OKAY, let’s start with the restaurant’s name – Sailing for Oranges?
It’s a bit rubbish, isn’t it? Sounds like the Man from Del Monte bought a canoe.
I’m all for a good backstory and this one is about a ship that brought Spanish immigrants to Fremantle in the 1850s and it was so hot they pulled down one of the sails and turned it into a swimming pool where they ate oranges.
Cute, but if the food isn’t up to scratch, it’s just a lot of marketing fluff.
Situated on the site of the old Monk, and then briefly Kahuna Brewing Co, Sailing for Oranges enjoys a large, prime spot on the Cappuccino Strip in Fremantle.
I was a never a fan of the Monk – over-priced food and pretentious beer – and Kahuna seemed to come and go with little fanfare.
It’s a mystery why neither succeeded as there’s loads of foot-traffic and it’s elevated from the street, so patrons are removed from the hubbub below.
Owned by the same people behind Emily Taylor in Fremantle, Sailing for Oranges is a bar/cocina serving Iberian-inspired drinks and food.
To cut through the jargon, it’s basically tapas-style food and the menu had a range of dishes including cured meats (Jamon Iberico, Bosquito), vegetarian and salad (Patatas Bravas, Crispy brussels), skewers (Chicken espetada, Skull Island tiger prawns) plates (Slow roasted goat in fino sherry, Shark Bay Clams in harissa) and a selection of desserts and cheese. They also have a breakfast menu from 7am until 11:30am.
I really like the refurb: a large airy alfresco with shade cloth provides the perfect spot to watch life unfold on the Cappuccino Strip, or venture inside to the moody, dimly-lit restaurant where floral patterns mingle with cosy booths and classy furnishings.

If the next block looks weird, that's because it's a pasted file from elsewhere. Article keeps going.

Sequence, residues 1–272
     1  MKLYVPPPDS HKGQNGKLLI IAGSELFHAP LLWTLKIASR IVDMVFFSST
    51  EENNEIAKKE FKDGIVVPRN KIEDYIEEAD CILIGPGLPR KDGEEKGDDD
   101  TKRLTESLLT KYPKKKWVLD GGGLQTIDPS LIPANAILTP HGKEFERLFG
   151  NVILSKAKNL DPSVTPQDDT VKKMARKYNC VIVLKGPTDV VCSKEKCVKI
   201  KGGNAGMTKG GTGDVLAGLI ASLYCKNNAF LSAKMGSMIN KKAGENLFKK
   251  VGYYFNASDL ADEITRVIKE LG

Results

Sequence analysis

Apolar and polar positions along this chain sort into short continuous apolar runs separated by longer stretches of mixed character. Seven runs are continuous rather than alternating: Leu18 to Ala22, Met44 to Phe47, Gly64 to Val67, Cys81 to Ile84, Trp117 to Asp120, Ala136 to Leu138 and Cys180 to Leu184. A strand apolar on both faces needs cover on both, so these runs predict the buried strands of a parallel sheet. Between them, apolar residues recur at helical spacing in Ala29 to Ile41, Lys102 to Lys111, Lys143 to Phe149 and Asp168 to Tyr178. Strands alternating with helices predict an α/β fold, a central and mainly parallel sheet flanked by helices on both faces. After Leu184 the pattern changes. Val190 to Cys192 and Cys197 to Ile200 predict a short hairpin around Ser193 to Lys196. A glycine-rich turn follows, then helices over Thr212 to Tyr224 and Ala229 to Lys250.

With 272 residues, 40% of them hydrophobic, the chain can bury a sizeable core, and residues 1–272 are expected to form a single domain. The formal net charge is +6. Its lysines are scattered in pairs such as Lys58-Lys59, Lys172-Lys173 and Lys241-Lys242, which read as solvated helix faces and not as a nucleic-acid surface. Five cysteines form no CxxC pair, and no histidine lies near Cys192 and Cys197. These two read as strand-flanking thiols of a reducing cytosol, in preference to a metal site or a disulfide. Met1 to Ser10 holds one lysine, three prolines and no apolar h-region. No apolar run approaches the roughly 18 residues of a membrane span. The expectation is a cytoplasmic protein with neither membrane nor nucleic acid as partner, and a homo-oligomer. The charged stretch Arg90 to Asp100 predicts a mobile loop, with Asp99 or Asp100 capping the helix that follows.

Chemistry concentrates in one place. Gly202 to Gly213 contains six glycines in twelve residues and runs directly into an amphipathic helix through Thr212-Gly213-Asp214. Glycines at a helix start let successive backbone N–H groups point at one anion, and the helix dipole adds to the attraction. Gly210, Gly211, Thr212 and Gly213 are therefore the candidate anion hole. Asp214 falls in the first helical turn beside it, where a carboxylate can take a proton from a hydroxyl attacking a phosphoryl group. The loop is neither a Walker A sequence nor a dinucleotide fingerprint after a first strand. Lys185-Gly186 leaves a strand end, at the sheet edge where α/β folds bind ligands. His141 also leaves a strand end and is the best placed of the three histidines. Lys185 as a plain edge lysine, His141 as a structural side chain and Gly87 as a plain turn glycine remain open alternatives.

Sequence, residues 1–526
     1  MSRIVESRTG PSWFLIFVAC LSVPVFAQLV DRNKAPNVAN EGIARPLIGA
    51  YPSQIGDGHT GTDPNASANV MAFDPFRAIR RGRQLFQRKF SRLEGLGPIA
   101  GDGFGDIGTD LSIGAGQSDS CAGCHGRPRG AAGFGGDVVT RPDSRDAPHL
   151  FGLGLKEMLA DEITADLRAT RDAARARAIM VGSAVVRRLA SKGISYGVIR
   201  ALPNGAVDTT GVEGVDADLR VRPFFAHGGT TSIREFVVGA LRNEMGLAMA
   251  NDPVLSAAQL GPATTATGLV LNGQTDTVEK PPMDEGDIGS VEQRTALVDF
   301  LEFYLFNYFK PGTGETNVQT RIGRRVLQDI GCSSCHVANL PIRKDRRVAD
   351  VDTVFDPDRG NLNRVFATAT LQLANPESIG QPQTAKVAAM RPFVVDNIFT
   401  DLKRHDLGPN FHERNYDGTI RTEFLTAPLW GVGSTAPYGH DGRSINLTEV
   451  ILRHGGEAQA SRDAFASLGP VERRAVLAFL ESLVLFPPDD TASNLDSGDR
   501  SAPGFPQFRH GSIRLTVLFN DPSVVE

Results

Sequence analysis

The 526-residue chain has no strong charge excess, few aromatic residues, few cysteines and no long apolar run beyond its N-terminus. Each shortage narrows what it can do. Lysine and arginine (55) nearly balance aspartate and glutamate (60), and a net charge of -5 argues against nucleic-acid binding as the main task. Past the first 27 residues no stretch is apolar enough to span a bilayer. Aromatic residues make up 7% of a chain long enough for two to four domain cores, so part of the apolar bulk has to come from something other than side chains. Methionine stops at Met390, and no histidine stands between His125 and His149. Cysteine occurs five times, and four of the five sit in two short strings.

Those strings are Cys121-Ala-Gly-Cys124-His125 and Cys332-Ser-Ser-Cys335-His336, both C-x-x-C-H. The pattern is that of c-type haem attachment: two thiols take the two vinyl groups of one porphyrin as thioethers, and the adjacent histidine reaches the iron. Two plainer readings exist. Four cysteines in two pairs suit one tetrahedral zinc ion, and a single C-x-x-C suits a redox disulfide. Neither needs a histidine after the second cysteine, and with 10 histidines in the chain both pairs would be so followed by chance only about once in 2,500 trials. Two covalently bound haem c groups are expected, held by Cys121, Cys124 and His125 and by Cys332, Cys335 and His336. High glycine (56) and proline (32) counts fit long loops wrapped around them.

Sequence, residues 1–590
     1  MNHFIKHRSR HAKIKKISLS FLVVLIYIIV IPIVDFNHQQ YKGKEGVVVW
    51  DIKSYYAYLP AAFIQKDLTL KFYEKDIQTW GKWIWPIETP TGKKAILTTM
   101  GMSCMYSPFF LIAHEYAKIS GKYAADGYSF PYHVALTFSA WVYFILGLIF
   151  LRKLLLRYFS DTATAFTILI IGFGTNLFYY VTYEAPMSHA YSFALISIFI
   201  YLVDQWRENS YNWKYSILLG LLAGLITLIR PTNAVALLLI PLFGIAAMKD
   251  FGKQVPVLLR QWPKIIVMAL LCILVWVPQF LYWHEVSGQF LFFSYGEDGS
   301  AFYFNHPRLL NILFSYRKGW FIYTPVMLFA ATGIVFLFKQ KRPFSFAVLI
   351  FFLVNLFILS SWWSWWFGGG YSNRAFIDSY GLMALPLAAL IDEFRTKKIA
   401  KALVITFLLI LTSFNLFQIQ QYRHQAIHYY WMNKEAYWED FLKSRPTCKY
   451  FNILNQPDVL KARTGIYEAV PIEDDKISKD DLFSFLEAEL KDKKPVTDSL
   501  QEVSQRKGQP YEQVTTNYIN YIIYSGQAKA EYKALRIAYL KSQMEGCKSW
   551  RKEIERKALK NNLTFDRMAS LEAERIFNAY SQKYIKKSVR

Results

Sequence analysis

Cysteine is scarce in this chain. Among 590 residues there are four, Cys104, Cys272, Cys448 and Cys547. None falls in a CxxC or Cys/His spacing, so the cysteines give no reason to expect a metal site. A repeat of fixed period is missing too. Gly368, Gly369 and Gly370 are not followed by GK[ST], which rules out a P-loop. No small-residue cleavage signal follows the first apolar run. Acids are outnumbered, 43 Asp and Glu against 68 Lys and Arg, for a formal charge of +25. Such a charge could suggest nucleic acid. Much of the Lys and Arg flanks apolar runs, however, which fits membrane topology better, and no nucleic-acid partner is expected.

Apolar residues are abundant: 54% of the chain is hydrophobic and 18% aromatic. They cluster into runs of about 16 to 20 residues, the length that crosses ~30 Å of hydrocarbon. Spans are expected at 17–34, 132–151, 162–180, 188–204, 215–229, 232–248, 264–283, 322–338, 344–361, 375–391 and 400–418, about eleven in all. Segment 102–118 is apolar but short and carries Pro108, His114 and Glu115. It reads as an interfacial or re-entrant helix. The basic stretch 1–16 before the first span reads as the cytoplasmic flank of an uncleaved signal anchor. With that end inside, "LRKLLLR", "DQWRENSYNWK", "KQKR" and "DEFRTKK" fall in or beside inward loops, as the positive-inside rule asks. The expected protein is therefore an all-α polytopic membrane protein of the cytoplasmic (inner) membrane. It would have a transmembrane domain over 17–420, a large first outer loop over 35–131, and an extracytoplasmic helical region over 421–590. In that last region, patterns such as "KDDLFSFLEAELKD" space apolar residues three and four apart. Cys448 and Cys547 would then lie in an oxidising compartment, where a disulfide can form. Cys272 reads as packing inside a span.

The atmospheric interior is impressive and something a bit different from the industrial chic that dominates refurbs these days.
The waiting staff were super friendly and smiley, and I’m sure I detected a Spanish accent from one of them, adding to the air of authenticity.
My dining partner, former Chook food critic Jenny D’Anger, was loving her asparagus with ajo blanco (a kind of ‘white gazpacho‘ made from bread, crushed almonds and garlic $14)
“The fresh green spears, like Goldilocks porridge, were just right, tender but with a pleasant crunch,” she said.
“They were neatly stacked on an ajo blanco sauce, which added a creamy garlicky zing which was offset by the sweetness of a scattering of blanched almonds.”
She wasn’t as enthusiastic about her croquettes (three for $8).
“A smear of black garlic failed to lift the leek and manchego croquettes, which, while soft and creamy with a pleasant crunchy breadcrumb coating, were a bit bland. (The cheese comes from sheep in the La Mancha region of Spain).”
She rounded things off with the octopus skewers ($20): “A couple of octopus skewers were cooked to perfection – tasty and tender but still meaty – but at $20 for what was effectively four pieces of occkie a tad pricey.”
I was busy tucking into the lemony chicken and pine nut stuffed cabbage leaf (two for $16)
A bit like a dolmade on steroids, it was nicely presented and had a tasty blend of chook, citrus and cabbage. I thought the flavours would be stronger, but they were quite subtle and refined.
We rounded things off with a hearty mound of patatas bravas ($14) – super crunchy skin and a lovely tomato-style sauce and aioli to dip the fluffy spuds into. Very enjoyable and good value.
Sailing for Oranges was a bit of a mixed voyage – the venue and service were top notch and on occasion the food did hit the heights, but sometimes there just wasn’t enough on the plate.
Sailing for Oranges
33 South Terrace, Fremantle
by STEPHEN POLLOCK